Where to get DMT-containing plants
Where to Get DMT
DMT was first synthesized in 1931 by chemist Richard Helmuth Fredrick Manske (born 1901 in Berlin, Germany – 1977).In general, its discovery as a natural product is credited to Brazilian chemist and microbiologist Oswaldo Gonçalves de Lima (1908–1989) who, in 1946, isolated an alkaloid he named nigerina (nigerine) from the root bark of jurema preta, that is, Mimosa tenuiflora. However, in a careful review of the case, Jonathan Ott shows that the empirical formula for nigerine determined by Gonçalves de Lima, which notably contains an atom of oxygen, can match only a partial, “impure” or “contaminated” form of DMT. It was only in 1959, when Gonçalves de Lima provided American chemists a sample of Mimosa tenuiflora roots, that DMT was unequivocally identified in this plant material. Less ambiguous is the case of isolation and formal identification of DMT in 1955 in seeds and pods of Anadenanthera peregrina by a team of American chemists led by Evan Horning (1916–1993). Since 1955, DMT has been found in a host of organisms: in at least fifty plant species belonging to ten families, and in at least four animal species, including one gorgonian and three mammalian species.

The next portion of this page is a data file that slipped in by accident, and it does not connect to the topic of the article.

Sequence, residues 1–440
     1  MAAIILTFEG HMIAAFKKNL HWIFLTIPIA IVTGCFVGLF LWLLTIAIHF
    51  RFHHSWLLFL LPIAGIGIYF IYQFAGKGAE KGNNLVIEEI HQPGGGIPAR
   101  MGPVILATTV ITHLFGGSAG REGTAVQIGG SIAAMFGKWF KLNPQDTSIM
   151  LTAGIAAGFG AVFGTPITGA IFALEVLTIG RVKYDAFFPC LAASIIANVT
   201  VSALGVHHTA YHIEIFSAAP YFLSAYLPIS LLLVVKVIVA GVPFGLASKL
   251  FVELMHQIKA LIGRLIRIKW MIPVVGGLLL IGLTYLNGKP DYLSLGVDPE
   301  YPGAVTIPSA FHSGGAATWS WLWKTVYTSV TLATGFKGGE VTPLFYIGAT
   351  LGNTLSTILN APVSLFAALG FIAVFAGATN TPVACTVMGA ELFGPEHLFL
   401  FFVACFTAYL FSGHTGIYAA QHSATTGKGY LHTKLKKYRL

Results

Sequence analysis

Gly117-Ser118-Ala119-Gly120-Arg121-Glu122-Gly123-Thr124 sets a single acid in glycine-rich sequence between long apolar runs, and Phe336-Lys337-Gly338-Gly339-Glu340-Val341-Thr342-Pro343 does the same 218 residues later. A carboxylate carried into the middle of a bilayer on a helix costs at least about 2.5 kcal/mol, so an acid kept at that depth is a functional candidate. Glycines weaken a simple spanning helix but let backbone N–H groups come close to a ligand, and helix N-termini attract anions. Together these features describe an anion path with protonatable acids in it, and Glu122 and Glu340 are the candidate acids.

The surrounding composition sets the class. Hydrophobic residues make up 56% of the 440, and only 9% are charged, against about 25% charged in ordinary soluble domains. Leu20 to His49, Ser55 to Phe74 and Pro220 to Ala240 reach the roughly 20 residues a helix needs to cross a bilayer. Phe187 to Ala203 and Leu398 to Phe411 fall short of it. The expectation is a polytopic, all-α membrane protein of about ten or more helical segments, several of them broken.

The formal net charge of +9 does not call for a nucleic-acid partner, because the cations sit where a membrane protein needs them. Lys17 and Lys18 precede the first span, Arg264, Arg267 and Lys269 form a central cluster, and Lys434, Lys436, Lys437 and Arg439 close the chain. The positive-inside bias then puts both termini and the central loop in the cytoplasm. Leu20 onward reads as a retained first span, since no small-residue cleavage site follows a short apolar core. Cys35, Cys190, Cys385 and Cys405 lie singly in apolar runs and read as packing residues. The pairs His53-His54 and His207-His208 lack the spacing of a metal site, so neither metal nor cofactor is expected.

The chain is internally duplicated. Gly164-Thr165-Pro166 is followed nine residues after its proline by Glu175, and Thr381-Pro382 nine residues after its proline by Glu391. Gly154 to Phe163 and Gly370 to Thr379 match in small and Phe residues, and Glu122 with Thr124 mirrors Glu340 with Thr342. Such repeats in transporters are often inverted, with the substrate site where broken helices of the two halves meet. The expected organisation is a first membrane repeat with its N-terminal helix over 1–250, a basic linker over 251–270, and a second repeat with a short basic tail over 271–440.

In terms of a scientific understanding, the hallucinogenic properties of DMT were not uncovered until 1956 by Hungarian chemist and psychiatrist Stephen Szara. In his paper published the same year titled ‘Dimethyltryptamine: its metabolism in man’ he references the plant Mimosa hostilis in which he injected the extract into his own muscle. This is considered to be the converging link between the chemical structure DMT to its cultural consumption as a psychoactive and religious sacrament.
Another historical milestone is the discovery of DMT in plants frequently used by Amazonian natives as additive to the vine Banisteriopsis caapi to make ayahuasca decoctions. In 1957, American chemists Francis Hochstein and Anita Paradies identified DMT in an “aqueous extract” of leaves of a plant they named Prestonia amazonicum (sic) and described as “commonly mixed” with B. caapi.The lack of a proper botanical identification of Prestonia amazonica in this study led American ethnobotanist Richard Evans Schultes (1915–2001) and other scientists to raise serious doubts about the claimed plant identity. The mistake likely led the writer William Burroughs to regard the DMT he experimented with in Tangier in 1961 as “Prestonia”. Better evidence was produced in 1965 by French pharmacologist Jacques Poisson, who isolated DMT as a sole alkaloid from leaves, provided and used by Agaruna Indians, identified as having come from the vine Diplopterys cabrerana (then known as Banisteriopsis rusbyana). Published in 1970, the first identification of DMT in the plant Psychotria viridis, another common additive of ayahuasca, was made by a team of American researchers led by pharmacologist Ara der Marderosian. Not only did they detect DMT in leaves of P. viridis obtained from Kaxinawá indigenous people, but they also were the first to identify it in a sample of an ayahuasca decoction, prepared by the same indigenous people.